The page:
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Thursday, August 16, 2018, 21:58
UN urges Japan to protect Fukushima clean-up workers
By Reuters
Thursday, August 16, 2018, 21:58 By Reuters

This handout from Tokyo Electric Power Company (TEPCO) taken and released on Aug 22, 2017, shows workers pouring coolant to freeze the underground ice wall around the Fukushima Daiichi nuclear power plants in Okuma.(AFP)

TOKYO - Japan must act urgently to protect tens of thousands of workers laboring to clean up the damaged Fukushima Daiichi nuclear power station from reported exploitation and exposure to radiation, UN human rights experts said on Thursday. 

Workers hired to decontaminate Fukushima reportedly include migrant workers, asylum seekers and people who are homeless

UN human rights experts

Tokyo Electric Power Co Holdings (Tepco), which owns the nuclear power station that was struck by a tsunami in 2011 that set off meltdowns, has been widely criticized for its treatment of workers and its handling of the cleanup, which is expected to take decades.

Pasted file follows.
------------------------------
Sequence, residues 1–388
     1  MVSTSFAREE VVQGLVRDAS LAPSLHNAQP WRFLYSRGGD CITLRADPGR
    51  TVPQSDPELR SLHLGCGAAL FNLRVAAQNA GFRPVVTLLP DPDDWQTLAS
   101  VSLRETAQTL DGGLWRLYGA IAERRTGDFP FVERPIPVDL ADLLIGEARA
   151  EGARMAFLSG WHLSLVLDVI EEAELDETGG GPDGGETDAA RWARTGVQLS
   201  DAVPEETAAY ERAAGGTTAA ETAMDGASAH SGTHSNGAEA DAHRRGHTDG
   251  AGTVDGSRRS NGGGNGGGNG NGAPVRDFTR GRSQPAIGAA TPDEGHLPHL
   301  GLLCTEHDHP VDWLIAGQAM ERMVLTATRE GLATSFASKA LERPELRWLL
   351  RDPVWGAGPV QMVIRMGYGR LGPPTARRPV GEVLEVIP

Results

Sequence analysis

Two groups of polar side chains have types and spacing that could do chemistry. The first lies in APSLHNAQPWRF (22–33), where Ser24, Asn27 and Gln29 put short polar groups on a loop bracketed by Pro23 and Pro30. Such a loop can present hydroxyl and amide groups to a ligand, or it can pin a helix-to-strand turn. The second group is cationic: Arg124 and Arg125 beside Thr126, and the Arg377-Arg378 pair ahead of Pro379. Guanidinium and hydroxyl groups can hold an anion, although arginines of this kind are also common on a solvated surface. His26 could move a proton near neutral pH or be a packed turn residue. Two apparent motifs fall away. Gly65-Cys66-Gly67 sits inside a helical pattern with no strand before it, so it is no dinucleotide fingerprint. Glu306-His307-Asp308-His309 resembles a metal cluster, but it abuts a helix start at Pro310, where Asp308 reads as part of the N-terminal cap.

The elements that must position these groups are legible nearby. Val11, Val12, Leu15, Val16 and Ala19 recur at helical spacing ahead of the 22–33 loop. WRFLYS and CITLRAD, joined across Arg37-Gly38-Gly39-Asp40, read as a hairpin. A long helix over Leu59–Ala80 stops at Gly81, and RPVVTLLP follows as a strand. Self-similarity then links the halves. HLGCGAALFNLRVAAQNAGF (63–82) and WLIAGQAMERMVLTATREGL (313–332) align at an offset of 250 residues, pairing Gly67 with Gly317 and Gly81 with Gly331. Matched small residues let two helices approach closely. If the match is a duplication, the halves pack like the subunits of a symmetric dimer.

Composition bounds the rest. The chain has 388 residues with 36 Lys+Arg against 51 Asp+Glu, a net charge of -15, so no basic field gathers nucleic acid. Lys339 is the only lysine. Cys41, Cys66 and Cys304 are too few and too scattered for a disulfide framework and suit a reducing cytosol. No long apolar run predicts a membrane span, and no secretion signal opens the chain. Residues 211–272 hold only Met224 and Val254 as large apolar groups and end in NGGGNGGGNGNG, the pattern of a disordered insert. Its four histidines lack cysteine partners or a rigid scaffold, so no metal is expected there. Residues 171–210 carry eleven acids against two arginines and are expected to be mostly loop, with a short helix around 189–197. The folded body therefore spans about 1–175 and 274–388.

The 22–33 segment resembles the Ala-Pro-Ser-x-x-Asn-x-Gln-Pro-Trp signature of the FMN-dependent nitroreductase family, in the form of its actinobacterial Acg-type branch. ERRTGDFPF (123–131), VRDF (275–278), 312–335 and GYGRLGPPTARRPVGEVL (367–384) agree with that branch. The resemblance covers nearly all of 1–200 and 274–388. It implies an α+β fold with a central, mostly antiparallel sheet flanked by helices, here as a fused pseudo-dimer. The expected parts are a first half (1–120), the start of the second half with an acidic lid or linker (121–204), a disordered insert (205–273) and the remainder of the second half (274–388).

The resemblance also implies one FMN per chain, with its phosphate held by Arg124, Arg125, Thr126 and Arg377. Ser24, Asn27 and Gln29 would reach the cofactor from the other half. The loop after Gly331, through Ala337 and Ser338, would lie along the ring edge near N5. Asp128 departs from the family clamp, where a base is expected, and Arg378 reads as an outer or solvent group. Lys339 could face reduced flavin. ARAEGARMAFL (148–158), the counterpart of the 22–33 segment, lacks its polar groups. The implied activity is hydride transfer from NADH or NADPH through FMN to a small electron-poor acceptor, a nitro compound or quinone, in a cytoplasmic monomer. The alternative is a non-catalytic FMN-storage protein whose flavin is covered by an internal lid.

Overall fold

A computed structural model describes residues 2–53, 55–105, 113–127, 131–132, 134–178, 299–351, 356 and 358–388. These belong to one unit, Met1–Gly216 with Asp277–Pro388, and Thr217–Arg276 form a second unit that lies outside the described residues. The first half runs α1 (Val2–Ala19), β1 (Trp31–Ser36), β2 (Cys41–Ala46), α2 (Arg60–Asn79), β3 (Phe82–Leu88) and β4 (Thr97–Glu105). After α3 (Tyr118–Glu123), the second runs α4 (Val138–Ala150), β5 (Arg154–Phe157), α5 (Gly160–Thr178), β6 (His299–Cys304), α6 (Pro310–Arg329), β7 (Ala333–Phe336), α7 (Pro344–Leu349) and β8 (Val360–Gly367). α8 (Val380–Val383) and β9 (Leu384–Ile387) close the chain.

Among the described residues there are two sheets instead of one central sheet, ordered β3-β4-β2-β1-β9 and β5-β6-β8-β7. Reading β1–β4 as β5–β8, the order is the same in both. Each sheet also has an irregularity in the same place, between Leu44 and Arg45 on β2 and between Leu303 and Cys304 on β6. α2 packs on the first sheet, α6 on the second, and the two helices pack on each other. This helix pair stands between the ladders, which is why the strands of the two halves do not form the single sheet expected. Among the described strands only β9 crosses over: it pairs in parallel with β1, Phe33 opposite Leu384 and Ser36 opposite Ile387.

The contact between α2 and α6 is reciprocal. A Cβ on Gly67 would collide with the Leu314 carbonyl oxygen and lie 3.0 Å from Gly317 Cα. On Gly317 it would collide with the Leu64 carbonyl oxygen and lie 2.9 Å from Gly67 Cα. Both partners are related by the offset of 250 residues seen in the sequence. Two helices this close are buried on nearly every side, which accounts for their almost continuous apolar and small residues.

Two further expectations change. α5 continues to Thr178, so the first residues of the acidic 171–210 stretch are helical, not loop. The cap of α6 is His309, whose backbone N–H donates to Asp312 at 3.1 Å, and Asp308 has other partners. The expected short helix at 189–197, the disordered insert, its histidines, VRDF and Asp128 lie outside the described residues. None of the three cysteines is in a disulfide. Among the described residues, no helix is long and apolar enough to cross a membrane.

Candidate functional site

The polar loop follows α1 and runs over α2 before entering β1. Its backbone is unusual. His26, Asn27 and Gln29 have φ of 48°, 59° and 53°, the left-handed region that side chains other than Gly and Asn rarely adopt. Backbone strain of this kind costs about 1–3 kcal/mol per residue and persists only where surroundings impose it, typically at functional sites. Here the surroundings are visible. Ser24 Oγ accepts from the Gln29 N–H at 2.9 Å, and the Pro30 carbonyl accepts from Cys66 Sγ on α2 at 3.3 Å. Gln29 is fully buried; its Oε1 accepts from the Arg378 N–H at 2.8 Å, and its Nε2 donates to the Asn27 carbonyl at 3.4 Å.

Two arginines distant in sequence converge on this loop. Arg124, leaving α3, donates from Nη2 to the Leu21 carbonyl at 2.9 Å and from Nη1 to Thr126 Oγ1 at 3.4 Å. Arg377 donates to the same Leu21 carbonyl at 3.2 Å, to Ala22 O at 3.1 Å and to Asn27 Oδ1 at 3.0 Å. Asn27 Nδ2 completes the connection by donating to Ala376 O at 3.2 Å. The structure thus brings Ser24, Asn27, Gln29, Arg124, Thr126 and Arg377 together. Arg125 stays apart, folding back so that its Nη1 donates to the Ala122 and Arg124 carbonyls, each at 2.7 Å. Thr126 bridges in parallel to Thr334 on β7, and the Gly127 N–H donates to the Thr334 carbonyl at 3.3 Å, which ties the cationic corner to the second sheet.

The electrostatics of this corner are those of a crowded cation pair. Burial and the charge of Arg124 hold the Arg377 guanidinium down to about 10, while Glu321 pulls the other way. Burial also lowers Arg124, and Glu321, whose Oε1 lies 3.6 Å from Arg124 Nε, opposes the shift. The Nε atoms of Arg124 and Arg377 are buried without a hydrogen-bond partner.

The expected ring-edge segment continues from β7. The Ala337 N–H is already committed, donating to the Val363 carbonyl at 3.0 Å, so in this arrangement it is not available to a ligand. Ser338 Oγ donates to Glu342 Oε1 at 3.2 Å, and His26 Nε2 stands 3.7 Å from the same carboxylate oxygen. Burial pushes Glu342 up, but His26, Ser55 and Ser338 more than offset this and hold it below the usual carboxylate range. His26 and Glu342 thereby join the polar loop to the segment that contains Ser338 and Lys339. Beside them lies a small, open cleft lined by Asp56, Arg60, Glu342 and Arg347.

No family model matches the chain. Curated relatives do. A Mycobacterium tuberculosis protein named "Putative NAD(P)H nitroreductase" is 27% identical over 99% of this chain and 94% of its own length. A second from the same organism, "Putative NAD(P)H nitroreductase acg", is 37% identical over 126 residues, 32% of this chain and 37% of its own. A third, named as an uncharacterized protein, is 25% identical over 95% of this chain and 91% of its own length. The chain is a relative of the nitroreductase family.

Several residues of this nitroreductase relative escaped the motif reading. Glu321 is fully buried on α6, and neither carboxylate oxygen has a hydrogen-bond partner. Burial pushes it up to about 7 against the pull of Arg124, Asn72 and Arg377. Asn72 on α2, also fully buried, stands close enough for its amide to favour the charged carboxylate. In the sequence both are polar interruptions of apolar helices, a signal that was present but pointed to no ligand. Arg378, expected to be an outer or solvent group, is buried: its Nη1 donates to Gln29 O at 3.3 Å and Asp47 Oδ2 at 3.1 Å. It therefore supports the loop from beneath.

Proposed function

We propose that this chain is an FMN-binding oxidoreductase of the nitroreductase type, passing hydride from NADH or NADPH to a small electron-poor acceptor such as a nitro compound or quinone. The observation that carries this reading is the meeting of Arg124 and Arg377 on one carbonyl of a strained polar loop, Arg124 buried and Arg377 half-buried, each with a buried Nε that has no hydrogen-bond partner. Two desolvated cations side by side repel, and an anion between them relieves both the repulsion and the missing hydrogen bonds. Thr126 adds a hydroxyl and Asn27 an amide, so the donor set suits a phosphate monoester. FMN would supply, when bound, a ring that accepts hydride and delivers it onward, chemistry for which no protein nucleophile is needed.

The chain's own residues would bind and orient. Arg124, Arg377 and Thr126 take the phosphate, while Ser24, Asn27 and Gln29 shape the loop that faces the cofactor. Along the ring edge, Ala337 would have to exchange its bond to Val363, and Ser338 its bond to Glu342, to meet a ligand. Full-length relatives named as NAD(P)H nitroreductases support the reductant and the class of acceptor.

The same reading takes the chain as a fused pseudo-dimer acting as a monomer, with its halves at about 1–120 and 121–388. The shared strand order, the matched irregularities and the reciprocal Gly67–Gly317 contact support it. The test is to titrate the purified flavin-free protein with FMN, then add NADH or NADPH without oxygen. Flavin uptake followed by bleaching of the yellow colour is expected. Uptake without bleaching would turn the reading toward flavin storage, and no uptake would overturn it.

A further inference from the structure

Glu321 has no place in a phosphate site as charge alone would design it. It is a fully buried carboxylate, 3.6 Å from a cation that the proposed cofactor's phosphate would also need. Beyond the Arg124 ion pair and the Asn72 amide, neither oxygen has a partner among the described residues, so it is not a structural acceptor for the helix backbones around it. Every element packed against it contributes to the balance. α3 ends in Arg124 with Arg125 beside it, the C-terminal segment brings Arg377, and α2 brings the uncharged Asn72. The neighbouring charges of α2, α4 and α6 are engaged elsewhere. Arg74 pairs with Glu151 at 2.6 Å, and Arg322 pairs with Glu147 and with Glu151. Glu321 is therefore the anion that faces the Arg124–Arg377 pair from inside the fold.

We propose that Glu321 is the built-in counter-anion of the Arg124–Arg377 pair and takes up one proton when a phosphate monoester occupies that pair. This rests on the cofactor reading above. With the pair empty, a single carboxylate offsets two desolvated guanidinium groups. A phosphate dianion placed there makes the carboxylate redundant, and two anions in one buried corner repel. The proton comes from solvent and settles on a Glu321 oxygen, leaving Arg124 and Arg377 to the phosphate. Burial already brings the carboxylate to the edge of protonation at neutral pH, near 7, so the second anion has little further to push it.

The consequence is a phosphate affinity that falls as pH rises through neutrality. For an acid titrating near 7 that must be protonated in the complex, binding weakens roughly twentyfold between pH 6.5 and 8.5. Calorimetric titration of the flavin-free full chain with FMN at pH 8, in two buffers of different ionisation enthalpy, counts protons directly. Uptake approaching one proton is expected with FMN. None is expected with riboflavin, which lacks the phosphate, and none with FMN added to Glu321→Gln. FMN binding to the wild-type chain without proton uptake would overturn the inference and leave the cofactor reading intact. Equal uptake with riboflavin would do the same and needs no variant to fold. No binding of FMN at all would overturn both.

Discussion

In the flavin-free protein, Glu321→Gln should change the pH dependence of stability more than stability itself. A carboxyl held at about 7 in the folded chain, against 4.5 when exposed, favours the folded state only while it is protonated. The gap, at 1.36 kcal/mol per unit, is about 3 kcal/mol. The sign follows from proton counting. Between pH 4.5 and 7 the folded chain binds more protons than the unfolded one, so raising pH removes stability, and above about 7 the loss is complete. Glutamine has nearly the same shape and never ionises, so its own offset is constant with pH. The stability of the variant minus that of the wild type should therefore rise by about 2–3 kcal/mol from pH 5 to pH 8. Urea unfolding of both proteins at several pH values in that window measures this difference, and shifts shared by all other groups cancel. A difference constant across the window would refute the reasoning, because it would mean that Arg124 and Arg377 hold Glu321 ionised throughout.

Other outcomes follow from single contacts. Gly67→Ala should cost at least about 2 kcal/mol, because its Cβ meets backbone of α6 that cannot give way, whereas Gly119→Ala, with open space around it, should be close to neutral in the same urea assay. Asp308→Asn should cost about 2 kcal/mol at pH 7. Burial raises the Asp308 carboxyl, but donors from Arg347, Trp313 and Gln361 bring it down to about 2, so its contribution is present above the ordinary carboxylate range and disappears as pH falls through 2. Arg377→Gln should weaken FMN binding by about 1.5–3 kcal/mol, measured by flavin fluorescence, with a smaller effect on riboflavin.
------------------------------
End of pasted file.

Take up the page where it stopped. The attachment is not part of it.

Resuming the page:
READ MORE: Ex-TEPCO leaders plead not guilty in Fukushima nuclear trial

A Reuters investigation in 2013 found widespread labor abuses, including workers who said their pay was skimmed and spoke of scant scrutiny of working conditions. Tepco said at the time it was taking steps to limit worker abuses. 

Three UN experts, who report to the UN Human Rights Council, said in a statement released in Geneva that exposure to radiation remained a major hazard for workers trying to clean up the plant, and workers were in danger of exploitation. 

ALSO READ: Tepco spots possible nuclear fuel debris at another reactor

"Workers hired to decontaminate Fukushima reportedly include migrant workers, asylum seekers and people who are homeless," said the three: Baskut Tuncak, an expert on hazardous substances, Dainius Puras, an expert on health, and Urmila Bhoola, an expert on contemporary slavery. 

"We are deeply concerned about possible exploitation regarding the risks of exposure to radiation, possible coercion into accepting hazardous working conditions because of economic hardships, and the adequacy of training and protective measures," they said. 

A spokesman for Tepco and a foreign ministry official said they were unable to immediately comment on the statement. 

The U.N. rights experts have been engaged in a dialogue with the Japanese government since last year, they said, with the government accepting to "follow up" on some recommendations.  

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